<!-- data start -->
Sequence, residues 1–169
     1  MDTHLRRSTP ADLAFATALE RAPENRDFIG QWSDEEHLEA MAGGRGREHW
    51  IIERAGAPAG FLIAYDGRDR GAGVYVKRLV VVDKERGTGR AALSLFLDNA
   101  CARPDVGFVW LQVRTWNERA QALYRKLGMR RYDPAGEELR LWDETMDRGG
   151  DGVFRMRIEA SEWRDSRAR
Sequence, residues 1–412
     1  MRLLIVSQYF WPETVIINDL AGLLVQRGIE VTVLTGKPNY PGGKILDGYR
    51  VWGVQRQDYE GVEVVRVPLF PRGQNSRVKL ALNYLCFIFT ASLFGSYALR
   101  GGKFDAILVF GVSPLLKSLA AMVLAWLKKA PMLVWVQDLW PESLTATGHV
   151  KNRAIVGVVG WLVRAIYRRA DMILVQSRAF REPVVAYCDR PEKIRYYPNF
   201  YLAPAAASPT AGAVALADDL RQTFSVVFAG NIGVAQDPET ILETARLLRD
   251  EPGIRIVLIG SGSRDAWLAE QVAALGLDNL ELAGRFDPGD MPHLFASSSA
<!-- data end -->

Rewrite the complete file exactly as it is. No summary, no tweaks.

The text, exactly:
Sequence, residues 1–169
     1  MDTHLRRSTP ADLAFATALE RAPENRDFIG QWSDEEHLEA MAGGRGREHW
    51  IIERAGAPAG FLIAYDGRDR GAGVYVKRLV VVDKERGTGR AALSLFLDNA
   101  CARPDVGFVW LQVRTWNERA QALYRKLGMR RYDPAGEELR LWDETMDRGG
   151  DGVFRMRIEA SEWRDSRAR
Sequence, residues 1–412
     1  MRLLIVSQYF WPETVIINDL AGLLVQRGIE VTVLTGKPNY PGGKILDGYR
    51  VWGVQRQDYE GVEVVRVPLF PRGQNSRVKL ALNYLCFIFT ASLFGSYALR
   101  GGKFDAILVF GVSPLLKSLA AMVLAWLKKA PMLVWVQDLW PESLTATGHV
   151  KNRAIVGVVG WLVRAIYRRA DMILVQSRAF REPVVAYCDR PEKIRYYPNF
   201  YLAPAAASPT AGAVALADDL RQTFSVVFAG NIGVAQDPET ILETARLLRD
   251  EPGIRIVLIG SGSRDAWLAE QVAALGLDNL ELAGRFDPGD MPHLFASSSA